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home : opinion : columns October 13, 2015

2/10/2013 6:01:00 AM
Editorial Column: Mount Tipton can needs another kick

Rich Thurlow

The annual Mount Tipton tango is under way. If these people and their children would just move to Kingman there would be NO PROBLEM. Besides, can you think of anything better for an active child than three hours a day spent on a cheese wagon?

I've got it figured out.

These annual budget "problems" for the Kingman Unified School District are really nothing of the sort. They are merely an attempt to facilitate more friendly discussion between the southern and northern parts of the district, with occasional participation from parents of Kingman Academy students strongly encouraged. You can read many of those friendly, uplifting suggestions at the kdminer.com website, all generated from Ahron Sherman's story in Thursday's Miner about the latest financial situation at KUSD.

It's a mess that can alternately lead to sympathy for school board members ("Man, I'm glad I'm not in your shoes") to second-guessing ("You had millions in bond money and didn't spend a dime on Palo Christi?") and, finally, anger ("Why are we going through this Mount Tipton thing again this year?").

It's almost like Congress and the president continuing to kick that can, as we've heard time and again, on any number of issues.

We know Social Security is headed for insolvency, but it's easier to demagogue the issue, especially when the other party proposes a solution. Kick the can. The same is true for Medicare and the debt.

Isn't that can about worn out by now?

Thing is, while we all know these problems in faraway Washington need to be dealt with, do we really know that busing Mount Tipton students in grades 7-12 to Kingman is necessary?

It was last year, until it wasn't.

There are a lot of wonderful things about living in a small, rural community. I've done it and to me the pluses always outweighed the minuses.

One of the minuses for small-town Mount Tipton students, lately, has been the annual debate/dilemma about keeping the doors open for the teenagers.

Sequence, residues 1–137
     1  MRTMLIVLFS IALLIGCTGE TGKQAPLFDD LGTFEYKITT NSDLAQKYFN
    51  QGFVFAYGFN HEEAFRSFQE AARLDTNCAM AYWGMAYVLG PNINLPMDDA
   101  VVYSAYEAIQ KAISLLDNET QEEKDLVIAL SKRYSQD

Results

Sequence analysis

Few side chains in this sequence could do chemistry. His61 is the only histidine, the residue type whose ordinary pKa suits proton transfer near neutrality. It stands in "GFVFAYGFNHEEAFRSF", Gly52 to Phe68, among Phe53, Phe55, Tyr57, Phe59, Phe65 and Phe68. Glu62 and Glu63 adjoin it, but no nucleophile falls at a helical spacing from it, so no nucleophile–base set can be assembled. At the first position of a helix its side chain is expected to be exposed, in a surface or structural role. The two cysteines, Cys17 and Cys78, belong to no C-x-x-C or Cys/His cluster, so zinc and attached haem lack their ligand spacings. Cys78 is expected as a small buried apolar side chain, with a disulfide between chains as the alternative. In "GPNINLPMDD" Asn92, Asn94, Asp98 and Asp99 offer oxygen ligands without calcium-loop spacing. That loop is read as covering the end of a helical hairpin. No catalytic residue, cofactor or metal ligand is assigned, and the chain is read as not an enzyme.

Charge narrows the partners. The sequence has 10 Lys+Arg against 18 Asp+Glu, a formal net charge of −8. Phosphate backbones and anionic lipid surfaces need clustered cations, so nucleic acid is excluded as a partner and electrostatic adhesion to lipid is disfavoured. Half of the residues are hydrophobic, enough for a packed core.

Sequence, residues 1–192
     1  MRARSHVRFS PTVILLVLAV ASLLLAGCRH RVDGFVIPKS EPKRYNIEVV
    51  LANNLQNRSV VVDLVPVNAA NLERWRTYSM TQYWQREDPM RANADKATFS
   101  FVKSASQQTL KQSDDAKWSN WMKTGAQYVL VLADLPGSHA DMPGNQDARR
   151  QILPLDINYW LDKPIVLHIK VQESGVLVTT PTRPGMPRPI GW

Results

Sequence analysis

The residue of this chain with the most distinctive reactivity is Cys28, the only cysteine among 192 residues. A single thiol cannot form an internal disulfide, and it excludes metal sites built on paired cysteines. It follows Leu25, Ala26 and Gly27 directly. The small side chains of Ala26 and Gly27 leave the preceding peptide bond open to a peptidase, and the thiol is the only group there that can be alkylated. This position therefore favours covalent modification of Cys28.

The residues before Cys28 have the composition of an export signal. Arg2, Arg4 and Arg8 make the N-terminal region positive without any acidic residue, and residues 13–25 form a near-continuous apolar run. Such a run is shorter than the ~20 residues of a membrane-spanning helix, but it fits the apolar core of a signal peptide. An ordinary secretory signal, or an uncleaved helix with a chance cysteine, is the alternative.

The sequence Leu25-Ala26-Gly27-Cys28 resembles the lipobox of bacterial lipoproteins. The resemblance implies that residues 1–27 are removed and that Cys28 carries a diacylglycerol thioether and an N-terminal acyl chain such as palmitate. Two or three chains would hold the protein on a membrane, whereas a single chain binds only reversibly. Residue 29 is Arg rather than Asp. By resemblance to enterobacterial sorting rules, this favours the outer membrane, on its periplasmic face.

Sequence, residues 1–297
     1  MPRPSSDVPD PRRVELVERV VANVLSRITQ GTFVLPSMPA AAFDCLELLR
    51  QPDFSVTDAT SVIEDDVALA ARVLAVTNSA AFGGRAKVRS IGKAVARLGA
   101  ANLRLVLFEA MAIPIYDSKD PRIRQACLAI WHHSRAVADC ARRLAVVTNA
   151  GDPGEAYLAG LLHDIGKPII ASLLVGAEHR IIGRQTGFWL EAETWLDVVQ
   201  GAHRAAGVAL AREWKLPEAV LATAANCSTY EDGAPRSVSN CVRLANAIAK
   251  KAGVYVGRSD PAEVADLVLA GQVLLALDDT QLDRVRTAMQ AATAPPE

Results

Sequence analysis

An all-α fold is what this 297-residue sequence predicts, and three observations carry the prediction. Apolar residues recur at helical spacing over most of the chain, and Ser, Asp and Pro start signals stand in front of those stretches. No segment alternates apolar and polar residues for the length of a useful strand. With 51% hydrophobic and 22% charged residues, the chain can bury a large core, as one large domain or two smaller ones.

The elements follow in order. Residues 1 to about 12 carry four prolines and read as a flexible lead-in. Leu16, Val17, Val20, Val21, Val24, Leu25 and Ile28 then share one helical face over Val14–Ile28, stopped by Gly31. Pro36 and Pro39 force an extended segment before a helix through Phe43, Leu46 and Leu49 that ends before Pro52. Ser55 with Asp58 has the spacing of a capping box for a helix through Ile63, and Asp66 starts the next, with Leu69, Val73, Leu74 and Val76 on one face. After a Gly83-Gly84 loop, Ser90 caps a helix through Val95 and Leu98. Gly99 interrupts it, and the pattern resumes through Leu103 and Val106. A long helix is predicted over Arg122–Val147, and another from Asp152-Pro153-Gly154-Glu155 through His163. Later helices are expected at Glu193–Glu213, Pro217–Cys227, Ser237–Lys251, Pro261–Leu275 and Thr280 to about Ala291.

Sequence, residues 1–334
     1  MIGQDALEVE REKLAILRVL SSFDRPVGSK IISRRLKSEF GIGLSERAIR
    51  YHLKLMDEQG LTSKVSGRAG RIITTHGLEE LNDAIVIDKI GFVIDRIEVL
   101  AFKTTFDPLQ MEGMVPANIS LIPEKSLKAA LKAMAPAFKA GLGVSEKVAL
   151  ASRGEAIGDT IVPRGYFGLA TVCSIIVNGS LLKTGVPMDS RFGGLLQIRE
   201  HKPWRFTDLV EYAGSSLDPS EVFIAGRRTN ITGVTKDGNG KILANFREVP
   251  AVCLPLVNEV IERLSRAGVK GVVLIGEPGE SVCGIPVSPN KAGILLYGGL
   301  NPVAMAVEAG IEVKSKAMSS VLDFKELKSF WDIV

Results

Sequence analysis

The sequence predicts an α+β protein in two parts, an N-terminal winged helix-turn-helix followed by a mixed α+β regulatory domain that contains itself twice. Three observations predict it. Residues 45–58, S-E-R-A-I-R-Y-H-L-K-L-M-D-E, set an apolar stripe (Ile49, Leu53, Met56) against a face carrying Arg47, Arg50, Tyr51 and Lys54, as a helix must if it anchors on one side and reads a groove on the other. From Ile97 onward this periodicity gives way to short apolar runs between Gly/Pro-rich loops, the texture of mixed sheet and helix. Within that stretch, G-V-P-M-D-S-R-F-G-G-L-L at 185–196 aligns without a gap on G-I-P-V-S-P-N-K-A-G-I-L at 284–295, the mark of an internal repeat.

And, OK, I was kidding when I said you Dolan Springs folks need to move to Kingman. You knew that already.

My only stake in this is as a taxpayer. But what I want for the children of the district is what I'd want for my own - a school in the town you call home.

If the school board and KUSD administration can figure out a way to make it happen - even if we're just kicking the can down the road one more year - I reckon it's worth it.


One of the best - and worst - parts of this job is getting email forwards from people who believe the editor absolutely needs to know what is being forwarded.

The problem is finding the time to open the email, must less digest what's in it. I get caught up on email, then the weekend just blows all that peace of mind to smithereens. I come back to work and there are over 130 new messages needing my attention.

But there is one topic a lot of readers think the editor should know, and it's the almost unbelievable amount of ammunition the government is buying.

The most recent big purchase is 21.6 million rounds of ammunition the Department of Homeland Security intends to buy, in addition to the 1.6 billion bullets it bought over the previous 10 months.

Some will assure you that these purchases are routine, that agents need to practice to stay sharp. Others note that U.S. soldiers used 5.5 million rounds of ammunition a month during the height of active battle operations in Iraq. That means DHS has enough bullets to wage full scale war for about 30 years.

And this at a time when we're told mandatory defense cuts will limit how much shooting our soldiers and Marines can do on the range.

It doesn't seem to add up.

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Reader Comments

Posted: Sunday, February 17, 2013
Article comment by: A Good Reporter, Now Stop Laughing

"It doesn't seem to add up." A good reporter would investigate until he was able to clarify the issue.

Posted: Sunday, February 10, 2013